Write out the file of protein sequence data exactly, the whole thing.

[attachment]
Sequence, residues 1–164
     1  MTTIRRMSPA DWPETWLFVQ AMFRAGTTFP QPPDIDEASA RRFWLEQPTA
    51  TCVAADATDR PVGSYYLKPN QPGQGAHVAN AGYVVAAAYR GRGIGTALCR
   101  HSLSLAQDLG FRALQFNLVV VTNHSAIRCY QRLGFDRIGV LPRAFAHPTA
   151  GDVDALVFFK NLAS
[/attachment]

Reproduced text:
Sequence, residues 1–164
     1  MTTIRRMSPA DWPETWLFVQ AMFRAGTTFP QPPDIDEASA RRFWLEQPTA
    51  TCVAADATDR PVGSYYLKPN QPGQGAHVAN AGYVVAAAYR GRGIGTALCR
   101  HSLSLAQDLG FRALQFNLVV VTNHSAIRCY QRLGFDRIGV LPRAFAHPTA
   151  GDVDALVFFK NLAS